Nothing like a trip to Warped to make you fear for the future of your country. Hey, you — yeah, you with the one-inch ear grommet. (I’m told they’re called “gauges.”) Now that your passion for individual self-expression has tipped over into self-mutilation, what with the Ubangi earlobe and neck tattoos, are you aware that you’ve now entered the shadowlands of the economy, that no one will hire you for anything more than hawking CDs of bands that will never get a major-label record contract? Maybe you’ll get beamed up to roadie someday, and you can pick up the girls the band rejects. Motorcycle maintenance — there’s another career path, if you have the skills. Or you could be the next Cat Whisperer, although you should note he has not done that thing with his ears, and if he wore a long-sleeved shirt and gave up on the stupid facial hair, he’d look relatively normal. You, however…
Oh, and you over there — yes, you, the sweet, lovely 18-year-old, although you look younger, hon. I’m assuming you’re 18 because you too have self-expressed through permanently inking parts of your body that will be revealed in standard white-collar office garb. It’s possible you are younger, though, and did this to yourself with a fake ID or even parental approval. Someday you’re going to get tired of working at Costco and want a leg up, maybe into a spot as a dental hygienist or LPN. Dentists are professionals, and like professional office staff; do you really want to spend the rest of your life dabbing concealer on that stupid butterfly under your earlobe? Tell me the story behind that one. Oh, you got it because a butterfly represents transformation, and you used to be really shy, but then you met Kenny and he brought you out of your shell — sorry, your pupae stage — so you thought you’d demonstrate your love and devotion by making it permanent. And then he left, but hey, it’s not like you put his name there or anything. Butterflies are pretty. Stupid dentists.
Oh, don’t mind me. I’m just spinning conversations with the air. It’s entirely possible this generation will march boldly into the future and seize it with both hands, and that one day the cover of Fortune magazine will feature a CEO with a net worth of $20 billion and a giant grommet in his ear, and that my teeth will be cleaned someday by a hygienist — nay, my dentures fitted by a dentist — with an inky sleeve depicting the battle of Armageddon, enacted by anthropomorphic toothbrushes. And no one will think anything of it.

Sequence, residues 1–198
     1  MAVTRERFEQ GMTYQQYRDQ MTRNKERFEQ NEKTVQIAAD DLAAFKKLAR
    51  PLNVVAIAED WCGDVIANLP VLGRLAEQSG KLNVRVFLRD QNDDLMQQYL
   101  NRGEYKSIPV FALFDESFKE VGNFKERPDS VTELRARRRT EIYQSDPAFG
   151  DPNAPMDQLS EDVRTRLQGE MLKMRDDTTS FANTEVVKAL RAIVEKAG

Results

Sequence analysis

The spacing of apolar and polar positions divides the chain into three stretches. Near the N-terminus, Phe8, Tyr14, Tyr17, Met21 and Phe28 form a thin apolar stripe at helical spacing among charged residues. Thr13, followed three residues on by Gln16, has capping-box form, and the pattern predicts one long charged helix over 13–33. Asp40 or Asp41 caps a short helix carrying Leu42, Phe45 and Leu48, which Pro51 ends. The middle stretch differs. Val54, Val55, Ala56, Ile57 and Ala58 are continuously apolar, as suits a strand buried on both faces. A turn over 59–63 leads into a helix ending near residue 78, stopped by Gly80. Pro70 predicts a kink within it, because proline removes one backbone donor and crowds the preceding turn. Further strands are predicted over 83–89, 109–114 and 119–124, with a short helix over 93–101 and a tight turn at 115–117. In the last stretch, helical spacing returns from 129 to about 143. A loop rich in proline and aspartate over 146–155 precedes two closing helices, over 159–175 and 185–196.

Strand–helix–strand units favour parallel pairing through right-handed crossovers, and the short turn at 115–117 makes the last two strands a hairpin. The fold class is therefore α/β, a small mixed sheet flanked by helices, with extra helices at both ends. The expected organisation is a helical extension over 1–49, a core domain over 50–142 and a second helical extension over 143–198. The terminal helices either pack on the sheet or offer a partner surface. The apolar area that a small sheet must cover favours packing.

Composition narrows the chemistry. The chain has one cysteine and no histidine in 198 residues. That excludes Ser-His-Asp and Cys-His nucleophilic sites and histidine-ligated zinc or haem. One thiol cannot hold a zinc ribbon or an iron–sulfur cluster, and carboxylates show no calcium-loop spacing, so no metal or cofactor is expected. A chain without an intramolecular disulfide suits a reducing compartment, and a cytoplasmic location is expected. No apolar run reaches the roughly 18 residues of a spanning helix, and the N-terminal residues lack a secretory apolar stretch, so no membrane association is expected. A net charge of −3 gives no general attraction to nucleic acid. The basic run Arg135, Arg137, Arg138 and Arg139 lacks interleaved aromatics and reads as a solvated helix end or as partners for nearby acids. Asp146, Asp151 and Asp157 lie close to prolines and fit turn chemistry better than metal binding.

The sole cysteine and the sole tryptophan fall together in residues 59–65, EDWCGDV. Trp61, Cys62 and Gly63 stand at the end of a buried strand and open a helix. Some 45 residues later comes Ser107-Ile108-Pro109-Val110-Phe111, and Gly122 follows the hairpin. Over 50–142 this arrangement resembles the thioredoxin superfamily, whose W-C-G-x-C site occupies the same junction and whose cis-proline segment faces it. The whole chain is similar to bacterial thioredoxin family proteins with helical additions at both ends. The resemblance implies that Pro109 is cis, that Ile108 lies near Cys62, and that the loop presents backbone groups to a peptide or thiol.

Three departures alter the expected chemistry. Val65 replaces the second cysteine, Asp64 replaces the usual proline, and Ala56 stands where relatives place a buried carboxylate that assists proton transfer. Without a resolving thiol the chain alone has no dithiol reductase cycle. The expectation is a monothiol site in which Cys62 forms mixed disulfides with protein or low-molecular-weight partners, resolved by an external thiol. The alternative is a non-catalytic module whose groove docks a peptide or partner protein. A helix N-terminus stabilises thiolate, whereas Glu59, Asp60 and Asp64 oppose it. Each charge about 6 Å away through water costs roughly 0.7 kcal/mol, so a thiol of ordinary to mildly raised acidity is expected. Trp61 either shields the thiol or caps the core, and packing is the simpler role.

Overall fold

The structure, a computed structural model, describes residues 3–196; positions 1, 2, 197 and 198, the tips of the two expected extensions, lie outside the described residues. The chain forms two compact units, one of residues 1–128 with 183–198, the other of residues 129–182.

And maybe monkeys will fly out my butt. Just watch.
Back from Cleveland in the nick of time for the heat to find another gear of misery. Today’s expected high: 100 degrees. Today’s expected cloud cover: 0. Percentage of today I will spend in the great outdoors: Not bloody much. But I’m glad I went, both for the midweek break and the chance to see some things I haven’t seen before, and meet the wonderful Michael Heaton, who led us to a great bar just west of downtown, the Parkview, where I was introduced to deep-fried asparagus. We were to meet him on the street out front and follow him there, so I said, “What kind of car do you drive?”
“A red convertible,” he replied.
Expecting a Mustang, or something worthy of a blogger who calls himself the Minister of Culture and the brother of a famous Hollywood actress, I was nonetheless taken aback when a Chevy Cavalier with deer damage pulled alongside. Oh, well — he is a journalist, after all.
More on the Rock and Roll Hall of Fame later. One last word about Warped:
I won’t apologize for enjoying the parents’ tent as much as I did — the air-conditioning, while not terribly effective, was a pleasant break, and the ice-cold water a wonderful treat. I read “A Clash of Kings” on my iPad and watched other parents — the woman who alternated between Virginia Woolf on her Kindle and mad texting on her phone, another who went through two issues of the Chronicle of Higher Education before turning to “American Psycho.” Reverse Daycare was staffed by a cute girl of Indian bloodlines who, I decided, must be a student of the hard sciences at the higher-ed level — she was self-assured among her sweaty elders, and her tattoo was small, on her shoulder blade, and depicted the DNA molecule.
But I did get out every couple hours or so, to walk around until I wilted and listen to some music. The music was? Loud. The sights were? Arresting (and I’m sorry, I can’t get this photo to rotate):
(You wonder how I handle these moments as a parent? Teachable!)
Now, off to catch up on a few days’ of put-off work. Stay cool, all.